A defined geography around Peck Ranch Conservation Area was identified in the 2000 elk reintroduction feasibility study as a potential restoration site. The restoration zone covered parts of Carter, Shannon and Reynolds counties. This landscape was chosen because of: 1) suitable habitat conditions, 2) high public land ownership, 3) low public road density and 4) low density of row crops and livestock. The map on this page outlines the area proposed in the 2000 elk reintroduction feasibility study. This range could be modified as a result of input from citizens.

elk zone

Stakeholder Involvement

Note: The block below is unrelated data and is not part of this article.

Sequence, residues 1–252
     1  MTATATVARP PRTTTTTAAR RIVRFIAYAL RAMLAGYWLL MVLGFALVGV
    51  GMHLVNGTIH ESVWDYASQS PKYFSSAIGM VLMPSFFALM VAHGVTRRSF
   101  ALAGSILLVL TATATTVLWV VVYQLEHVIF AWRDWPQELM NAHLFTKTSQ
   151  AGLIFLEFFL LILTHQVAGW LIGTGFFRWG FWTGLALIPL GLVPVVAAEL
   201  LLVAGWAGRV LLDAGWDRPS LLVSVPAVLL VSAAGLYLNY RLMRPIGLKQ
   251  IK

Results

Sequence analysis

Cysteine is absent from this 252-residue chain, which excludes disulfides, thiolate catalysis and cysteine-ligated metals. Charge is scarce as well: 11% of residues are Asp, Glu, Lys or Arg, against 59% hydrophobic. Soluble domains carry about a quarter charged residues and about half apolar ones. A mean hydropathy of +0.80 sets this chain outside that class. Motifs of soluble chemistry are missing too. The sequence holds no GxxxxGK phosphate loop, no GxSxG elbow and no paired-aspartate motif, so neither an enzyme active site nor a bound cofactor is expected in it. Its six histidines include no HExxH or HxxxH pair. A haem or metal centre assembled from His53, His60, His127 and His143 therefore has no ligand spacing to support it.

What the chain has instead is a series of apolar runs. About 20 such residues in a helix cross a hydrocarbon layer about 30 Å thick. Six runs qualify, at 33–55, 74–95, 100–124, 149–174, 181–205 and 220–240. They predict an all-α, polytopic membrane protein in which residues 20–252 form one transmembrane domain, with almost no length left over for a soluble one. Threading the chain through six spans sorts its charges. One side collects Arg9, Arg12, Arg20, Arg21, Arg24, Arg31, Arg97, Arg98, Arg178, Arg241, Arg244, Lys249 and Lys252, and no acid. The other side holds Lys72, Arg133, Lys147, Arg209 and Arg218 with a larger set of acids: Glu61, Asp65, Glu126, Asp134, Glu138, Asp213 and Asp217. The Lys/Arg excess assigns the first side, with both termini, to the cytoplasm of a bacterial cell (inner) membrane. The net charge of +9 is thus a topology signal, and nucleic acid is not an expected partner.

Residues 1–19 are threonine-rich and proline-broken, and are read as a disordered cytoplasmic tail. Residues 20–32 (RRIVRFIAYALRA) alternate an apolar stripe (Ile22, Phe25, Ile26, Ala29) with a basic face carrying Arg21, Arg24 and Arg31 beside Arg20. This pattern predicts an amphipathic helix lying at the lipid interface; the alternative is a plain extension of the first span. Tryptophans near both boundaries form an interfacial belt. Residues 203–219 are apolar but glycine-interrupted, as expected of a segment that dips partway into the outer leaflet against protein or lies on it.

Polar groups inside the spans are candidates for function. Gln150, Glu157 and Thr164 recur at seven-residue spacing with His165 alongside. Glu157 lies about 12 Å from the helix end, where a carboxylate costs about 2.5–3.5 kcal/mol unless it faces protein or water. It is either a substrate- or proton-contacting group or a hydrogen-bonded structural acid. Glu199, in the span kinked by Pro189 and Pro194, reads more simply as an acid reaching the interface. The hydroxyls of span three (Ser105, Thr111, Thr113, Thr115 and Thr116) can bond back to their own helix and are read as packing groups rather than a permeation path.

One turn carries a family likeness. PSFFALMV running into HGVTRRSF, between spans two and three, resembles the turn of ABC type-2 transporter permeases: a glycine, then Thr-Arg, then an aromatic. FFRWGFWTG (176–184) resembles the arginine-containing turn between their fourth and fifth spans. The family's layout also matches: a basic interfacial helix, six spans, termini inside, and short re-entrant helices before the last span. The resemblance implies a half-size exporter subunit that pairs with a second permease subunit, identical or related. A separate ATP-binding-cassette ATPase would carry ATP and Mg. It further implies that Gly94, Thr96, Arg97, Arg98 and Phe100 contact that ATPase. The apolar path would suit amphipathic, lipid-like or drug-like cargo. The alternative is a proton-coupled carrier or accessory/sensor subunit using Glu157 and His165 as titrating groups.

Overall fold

Successful management of Missouri’s natural resources involves a partnership with citizens, organizations and agencies. The Department is actively engaging citizens and organizations to gather input prior to a restoration effort being presented to the Conservation Commission in the following ways:

  • Holding three informational meetings at locations around the restoration zone.
  • Continuing to provide restoration information on the MDC website, which includes the opportunity for public comment, as well as a video, information in the Missouri Conservationist and a brochure to inform citizens.
  • Continuing to engage citizens state and federal agencies, and conservation and agriculture organizations.

Proposed Restoration Protocols